The overall pass system works better than last year, and it seems easier to deliver the ball to the desired player, but the big news is what EA calls "passing with purpose." This is an entirely new function which can be triggered with the R1 and X (PS4), and it basically allows you to execute stronger passes. It's a good way to try and pass through unwary opponents, or to change flanks with less chance of the ball being intercepted. You need to be careful though, as theses passes can be hard to control properly if they are done in close proximity.
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One of the major complaints about FIFA in recent years, and specifically FIFA 15, is related to the defensive system. Defending in last year's edition was a nightmare, and many plays ended with cuts inside the box, wide shots, or actual goals, because it was just too difficult to take the ball. All the defensive systems have been refurbished in FIFA 16, and defending is again a satisfactory and effective task. Players position themselves better, have greater reach when tackling, anticipate more effectively, and can even simulate a tackle. Defensive actions have improved a lot, not only in terms of controls, but also due to team behaviour.
The AI, particularly in the higher difficulties, is a hard nut to crack. The teams close up well, there is great mutual assistance between the midfield, and they effectively pressure the ball carrier. You will need a lot of patience, to pay close attention, and have a dash of luck if you're going to overcome a good defence in FIFA 16. This was also one of the main problems we found in the demo. It's just too difficult. Not in the sense that you will be thrashed by your opponents, or even lose games. What's difficult in FIFA 16 is actually playing good football.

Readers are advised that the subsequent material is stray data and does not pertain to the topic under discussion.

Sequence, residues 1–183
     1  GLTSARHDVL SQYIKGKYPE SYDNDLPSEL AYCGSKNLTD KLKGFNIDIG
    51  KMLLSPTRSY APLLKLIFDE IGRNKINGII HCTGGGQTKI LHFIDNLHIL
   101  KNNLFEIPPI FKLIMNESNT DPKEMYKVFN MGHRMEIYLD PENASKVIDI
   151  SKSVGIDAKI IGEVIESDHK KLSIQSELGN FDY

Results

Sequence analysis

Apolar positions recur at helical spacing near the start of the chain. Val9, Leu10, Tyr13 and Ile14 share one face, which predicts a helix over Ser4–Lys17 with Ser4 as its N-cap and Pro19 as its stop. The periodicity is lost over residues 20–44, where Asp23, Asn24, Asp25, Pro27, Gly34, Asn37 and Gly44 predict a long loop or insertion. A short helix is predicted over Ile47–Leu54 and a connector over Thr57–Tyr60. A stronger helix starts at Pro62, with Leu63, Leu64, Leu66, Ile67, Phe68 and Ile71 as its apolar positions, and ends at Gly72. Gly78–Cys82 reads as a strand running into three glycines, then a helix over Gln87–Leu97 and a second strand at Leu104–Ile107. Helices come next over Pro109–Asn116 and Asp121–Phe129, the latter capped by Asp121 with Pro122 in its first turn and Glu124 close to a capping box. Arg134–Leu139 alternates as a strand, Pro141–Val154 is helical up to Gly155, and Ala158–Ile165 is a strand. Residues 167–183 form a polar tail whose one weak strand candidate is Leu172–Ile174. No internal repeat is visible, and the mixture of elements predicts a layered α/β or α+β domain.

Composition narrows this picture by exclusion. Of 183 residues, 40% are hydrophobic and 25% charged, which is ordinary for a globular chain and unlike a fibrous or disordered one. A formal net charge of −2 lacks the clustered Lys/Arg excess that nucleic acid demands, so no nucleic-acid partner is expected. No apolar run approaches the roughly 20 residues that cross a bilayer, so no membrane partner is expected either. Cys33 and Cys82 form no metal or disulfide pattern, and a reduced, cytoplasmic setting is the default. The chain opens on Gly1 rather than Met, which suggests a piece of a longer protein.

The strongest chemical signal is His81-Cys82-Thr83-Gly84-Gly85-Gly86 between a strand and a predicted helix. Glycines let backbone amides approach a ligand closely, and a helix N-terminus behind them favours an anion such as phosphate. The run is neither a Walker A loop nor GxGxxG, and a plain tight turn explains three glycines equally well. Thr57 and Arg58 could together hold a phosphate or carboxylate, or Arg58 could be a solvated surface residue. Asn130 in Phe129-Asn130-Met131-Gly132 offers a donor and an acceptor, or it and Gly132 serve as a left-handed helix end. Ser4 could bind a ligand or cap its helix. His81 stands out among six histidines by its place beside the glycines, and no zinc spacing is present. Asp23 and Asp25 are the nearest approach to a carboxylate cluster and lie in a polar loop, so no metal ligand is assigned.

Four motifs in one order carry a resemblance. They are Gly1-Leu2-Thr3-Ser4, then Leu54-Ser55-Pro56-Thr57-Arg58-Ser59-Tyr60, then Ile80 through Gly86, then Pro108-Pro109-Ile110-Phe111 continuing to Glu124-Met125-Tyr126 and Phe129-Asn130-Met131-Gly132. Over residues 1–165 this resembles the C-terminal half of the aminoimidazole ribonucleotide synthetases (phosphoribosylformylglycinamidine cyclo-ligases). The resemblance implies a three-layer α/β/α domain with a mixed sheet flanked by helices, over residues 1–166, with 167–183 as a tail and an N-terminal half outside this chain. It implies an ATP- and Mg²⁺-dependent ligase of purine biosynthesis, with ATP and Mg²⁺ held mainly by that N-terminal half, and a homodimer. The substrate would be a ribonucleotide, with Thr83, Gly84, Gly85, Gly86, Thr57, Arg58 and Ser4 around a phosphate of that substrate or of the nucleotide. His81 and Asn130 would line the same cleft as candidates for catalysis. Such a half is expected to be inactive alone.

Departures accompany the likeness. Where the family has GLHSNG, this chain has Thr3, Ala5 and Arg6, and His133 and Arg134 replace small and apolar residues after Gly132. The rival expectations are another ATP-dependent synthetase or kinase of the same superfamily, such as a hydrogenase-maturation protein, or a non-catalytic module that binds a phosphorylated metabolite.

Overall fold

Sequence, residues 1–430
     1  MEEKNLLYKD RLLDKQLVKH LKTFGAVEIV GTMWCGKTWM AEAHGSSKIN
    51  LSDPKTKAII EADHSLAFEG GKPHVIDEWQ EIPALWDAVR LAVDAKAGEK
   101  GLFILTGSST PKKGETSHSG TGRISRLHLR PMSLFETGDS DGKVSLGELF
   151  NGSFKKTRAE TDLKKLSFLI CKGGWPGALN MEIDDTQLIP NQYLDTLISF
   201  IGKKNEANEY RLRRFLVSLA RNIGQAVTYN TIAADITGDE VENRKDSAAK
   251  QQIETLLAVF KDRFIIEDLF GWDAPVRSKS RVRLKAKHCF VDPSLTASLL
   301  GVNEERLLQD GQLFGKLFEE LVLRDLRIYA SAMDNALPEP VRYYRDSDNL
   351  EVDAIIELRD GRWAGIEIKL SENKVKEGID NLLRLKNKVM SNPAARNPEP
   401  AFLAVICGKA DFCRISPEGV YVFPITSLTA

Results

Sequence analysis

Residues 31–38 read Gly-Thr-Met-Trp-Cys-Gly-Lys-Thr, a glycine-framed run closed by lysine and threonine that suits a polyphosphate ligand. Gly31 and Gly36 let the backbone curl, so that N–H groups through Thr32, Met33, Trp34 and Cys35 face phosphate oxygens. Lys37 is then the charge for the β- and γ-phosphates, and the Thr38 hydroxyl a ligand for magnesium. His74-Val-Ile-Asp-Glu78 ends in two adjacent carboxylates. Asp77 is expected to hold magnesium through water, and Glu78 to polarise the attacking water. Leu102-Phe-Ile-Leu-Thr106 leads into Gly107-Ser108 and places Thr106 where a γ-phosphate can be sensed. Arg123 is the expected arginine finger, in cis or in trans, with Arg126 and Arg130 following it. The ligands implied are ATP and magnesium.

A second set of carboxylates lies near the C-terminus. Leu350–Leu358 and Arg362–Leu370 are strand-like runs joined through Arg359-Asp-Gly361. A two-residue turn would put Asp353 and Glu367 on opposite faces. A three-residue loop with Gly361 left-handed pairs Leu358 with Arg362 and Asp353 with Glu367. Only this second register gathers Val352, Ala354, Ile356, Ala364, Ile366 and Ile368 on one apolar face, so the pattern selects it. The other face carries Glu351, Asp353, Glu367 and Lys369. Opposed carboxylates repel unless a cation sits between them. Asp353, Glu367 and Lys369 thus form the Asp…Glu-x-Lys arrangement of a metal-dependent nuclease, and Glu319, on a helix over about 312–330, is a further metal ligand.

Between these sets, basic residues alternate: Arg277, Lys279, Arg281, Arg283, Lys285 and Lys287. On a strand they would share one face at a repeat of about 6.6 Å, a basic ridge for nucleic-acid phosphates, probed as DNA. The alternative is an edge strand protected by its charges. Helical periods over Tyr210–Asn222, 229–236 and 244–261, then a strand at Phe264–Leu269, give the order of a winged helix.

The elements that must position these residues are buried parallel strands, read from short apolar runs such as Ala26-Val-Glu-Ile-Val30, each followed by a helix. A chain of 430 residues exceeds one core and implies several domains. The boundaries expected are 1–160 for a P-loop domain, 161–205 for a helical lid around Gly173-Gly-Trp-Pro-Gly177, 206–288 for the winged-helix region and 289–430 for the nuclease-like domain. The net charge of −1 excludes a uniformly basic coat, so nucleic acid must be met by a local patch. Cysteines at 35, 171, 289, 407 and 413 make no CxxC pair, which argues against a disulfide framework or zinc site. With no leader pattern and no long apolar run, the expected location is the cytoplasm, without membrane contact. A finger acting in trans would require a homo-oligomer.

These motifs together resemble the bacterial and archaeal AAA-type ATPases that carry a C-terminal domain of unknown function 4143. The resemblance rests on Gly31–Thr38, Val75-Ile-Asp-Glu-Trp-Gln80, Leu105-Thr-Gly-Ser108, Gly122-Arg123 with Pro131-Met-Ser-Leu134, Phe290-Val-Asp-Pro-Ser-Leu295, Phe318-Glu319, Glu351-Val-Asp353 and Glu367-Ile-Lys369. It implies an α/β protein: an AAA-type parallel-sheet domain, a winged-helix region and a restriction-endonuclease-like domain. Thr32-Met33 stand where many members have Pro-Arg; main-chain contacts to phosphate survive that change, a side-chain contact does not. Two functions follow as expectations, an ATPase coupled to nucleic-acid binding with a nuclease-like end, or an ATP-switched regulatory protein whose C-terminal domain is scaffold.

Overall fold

The game offers a vast array of options, more then ever, and it even changes some of the button's actions since last year. This can be quite complicated to manage during a match, even more so if you're not a big FIFA player. This, coupled with the relentless defensive AI, makes it very difficult to practice the beautiful game. It is a more realistic offering, especially considering the European style of play, where teams usually defend well, and where there is great pressure in the midfield. In this sense, players will need to clearly significantly improve their overall game if they want to play decent football in FIFA 16. The question is whether they will have the ability or the patience for it.
FIFA 16 is a very realistic football game, perhaps too realistic for its own good. There are several changes that players will have to get used to (like the new dribbling without the ball and the strong passes), and if you don't master all of these gameplay elements, you will have trouble with the game. The worry is that players who struggle to adapt might find FIFA 16 to be a tedious and even frustrating experience.
Now all that remains is to wait for the final version of the game, not only to see the final alterations that EA Sports has implemented (the demo is always an older version of game), but also see how the game will grow on us over time. This would not be the first FIFA to require a lengthy period of adjustment to before becoming a high-quality experience, so let's see if that's the case with FIFA 16.